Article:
"The 'foot' structures that we found in the Jordan valley are the first sites that the People of Israel built upon entering Canaan and they testify to the biblical concept of ownership of the land with the foot," said archaeologist Prof. Adam Zertal of the University of Haifa, who headed the excavating team that exposed five compounds in the shape of an enormous "foot", that it were likely to have been used at that time to mark ownership of territory.
On the eve of the Passover holiday, researchers from the University of Haifa reveal an exceptional and exciting archaeological discovery that dates back to the time of the People of Israel's settlement in the country: For the first time, enclosed sites identified with the biblical sites termed in Hebrew "gilgal", which were used for assemblies, preparation for battle, and rituals, have been revealed in the Jordan valley. The researchers, headed by Prof. Adam Zertal, exposed five such structures, each in the shape of an enormous "foot", which they suppose functioned during that period to mark ownership on the territory. "I am an archaeologist and only deal with the scientific findings, so I do not go into the additional meanings of the discovery, if there are any," Prof. Zertal said.
The Hebrew word "gilgal" (a camp or stone-structure), is mentioned thirty-nine times in the Bible. The stone enclosures were located in the Jordan valley and the hill country west of it. To this day, no archaeological site has been proposed to be identified with the gilgal. Between the years 1990 and 2008, during the Manasseh Hill-Country Survey that covers Samaria and the Jordan Valley, five such enclosures were found and excavated, all designed in the shape of a human foot. All of these sites were established at the outset of the Iron Age I (the 13th-12th centuries BCE). Based on their size and shape, it is clear that they were used for human assembly and not for animals.
Two of the sites (in Bedhat esh-Sha'ab and Yafit 3) were excavated in the years 2002-2005, under the directorship of Dr. Ben-Yosef and the guidance of Adam Zertal. The findings, mostly of clay vessels and animal bones, date their foundation to the end of the 13th century BCE, and one of them endured up to the 9th or 8th century BCE without architectonic adjustment.
In at least two cases, paved circuits, some two meters wide, were found around the structures. These were probably used to encircle the sites in a ceremony. "Ceremonial encirclement of an area in procession is an important element in the ancient Near East," Prof. Zertal says, adding that the origins of the Hebrew term "hag" (festival) in Semitic languages is from the verb "hug", which means "encircle". Thus, this discovery can also shed new light on the religious processions and the meaning of the Hebrew word for festival, "hag".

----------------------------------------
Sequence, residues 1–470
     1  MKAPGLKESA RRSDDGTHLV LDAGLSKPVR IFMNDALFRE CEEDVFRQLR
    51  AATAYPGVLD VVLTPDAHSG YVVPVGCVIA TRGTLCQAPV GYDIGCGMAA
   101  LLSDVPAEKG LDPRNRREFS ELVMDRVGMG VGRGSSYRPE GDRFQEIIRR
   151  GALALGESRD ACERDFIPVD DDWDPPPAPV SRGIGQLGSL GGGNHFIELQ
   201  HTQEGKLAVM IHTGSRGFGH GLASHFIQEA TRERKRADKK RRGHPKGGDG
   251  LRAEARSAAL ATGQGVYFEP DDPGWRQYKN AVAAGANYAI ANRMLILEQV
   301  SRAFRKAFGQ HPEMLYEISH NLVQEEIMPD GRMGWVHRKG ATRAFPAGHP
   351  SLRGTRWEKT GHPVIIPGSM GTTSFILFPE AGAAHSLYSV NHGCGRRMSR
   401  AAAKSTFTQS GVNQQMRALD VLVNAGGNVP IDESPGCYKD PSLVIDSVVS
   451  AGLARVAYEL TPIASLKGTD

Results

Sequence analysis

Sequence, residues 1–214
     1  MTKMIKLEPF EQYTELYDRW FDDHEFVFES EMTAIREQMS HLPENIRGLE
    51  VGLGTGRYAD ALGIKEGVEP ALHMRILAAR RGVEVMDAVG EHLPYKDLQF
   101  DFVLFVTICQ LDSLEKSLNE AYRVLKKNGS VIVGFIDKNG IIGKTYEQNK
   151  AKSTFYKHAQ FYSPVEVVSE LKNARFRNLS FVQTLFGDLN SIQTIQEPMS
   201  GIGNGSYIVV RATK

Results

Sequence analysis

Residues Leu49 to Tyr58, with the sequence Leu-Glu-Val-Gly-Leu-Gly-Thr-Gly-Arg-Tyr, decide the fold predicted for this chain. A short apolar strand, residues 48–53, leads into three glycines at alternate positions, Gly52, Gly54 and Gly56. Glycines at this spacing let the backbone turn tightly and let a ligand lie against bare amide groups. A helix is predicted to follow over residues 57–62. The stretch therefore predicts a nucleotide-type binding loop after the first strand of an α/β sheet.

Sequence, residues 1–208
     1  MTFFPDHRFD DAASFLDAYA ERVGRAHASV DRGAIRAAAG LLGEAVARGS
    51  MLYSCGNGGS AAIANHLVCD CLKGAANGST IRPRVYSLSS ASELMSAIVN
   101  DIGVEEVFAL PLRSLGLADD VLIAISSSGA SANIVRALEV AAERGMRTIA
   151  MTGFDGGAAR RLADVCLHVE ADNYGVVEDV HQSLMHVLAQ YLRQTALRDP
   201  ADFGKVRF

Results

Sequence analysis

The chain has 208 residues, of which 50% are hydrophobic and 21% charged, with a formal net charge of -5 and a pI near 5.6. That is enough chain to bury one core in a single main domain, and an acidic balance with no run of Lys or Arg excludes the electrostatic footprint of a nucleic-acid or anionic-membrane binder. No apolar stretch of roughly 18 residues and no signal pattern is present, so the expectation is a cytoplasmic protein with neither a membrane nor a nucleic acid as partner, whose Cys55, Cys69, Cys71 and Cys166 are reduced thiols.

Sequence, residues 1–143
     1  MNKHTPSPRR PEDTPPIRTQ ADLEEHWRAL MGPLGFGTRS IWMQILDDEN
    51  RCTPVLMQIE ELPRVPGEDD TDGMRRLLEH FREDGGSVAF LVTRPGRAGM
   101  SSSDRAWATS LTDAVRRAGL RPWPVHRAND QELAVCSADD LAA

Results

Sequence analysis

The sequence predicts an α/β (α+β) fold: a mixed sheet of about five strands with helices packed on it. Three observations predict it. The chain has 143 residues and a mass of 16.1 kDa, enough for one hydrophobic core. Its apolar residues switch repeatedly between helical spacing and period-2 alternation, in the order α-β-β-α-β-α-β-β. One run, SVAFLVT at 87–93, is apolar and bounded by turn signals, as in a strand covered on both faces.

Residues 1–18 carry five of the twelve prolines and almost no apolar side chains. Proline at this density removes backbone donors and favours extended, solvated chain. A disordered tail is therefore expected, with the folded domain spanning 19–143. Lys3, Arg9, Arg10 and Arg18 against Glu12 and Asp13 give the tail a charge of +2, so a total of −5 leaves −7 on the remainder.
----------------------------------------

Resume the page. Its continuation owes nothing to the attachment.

Prof. Zertal emphasized that the "foot" held much significance as a symbol of ownership of territory, control over an enemy, connection between people and land, and presence of the Deity. Some of these concepts are mentioned in ancient Egyptian literature. The Bible also has a wealth of references to the importance of the "foot" as a symbol: of ownership over Canaan, the bond between the People of Israel and their land, the link between the People and God's promise to inherit the land, defeating the enemy 'underfoot', and the Temple imaged as a foot.
"The discovery of these 'foot' structures opens an entirely new system of linguistic and historical perceptions," Prof. Zertal emphasizes. He explains that the meaning of the biblical Hebrew word for "foot" - "regel" - is also a "festival", "holiday", and ascending to see the face of God. As such, the source of the Hebrew term "aliya la-regel", literally translated as "ascending to the foot" (and now known in English as a pilgrimage), is attributed to the "foot" sites in the Jordan valley. "Now, following these discoveries, the meanings of the terms become clear. Identifying the 'foot' enclosures as ancient Israeli ceremonial sites leads us to a series of new possibilities to explain the beginnings of Israel, of the People of Israel's festivals and holidays," he stated.
According to Prof. Zertal, the "foot" constructions were used for ceremonial assemblies during Iron Age I (and probably after). When the religious center was moved to Jerusalem and settled there, the command of "aliya la-regel" (pilgrimage) became associated with Jerusalem. The source of the term, however, is in the sites that have now been discovered in the Jordan valley and the Altar on Mt. Ebal. "The biblical text testifies to the antiquity of these compounds in Israel's ceremonials, and the 'foot' structures were built by an organized community that had a central leadership," Prof. Zertal stated. He stressed that there is a direct connection between the biblical ideology, which identifies ownership over the new land with the foot and hence with the shape of the constructions.
Source: University of Haifa
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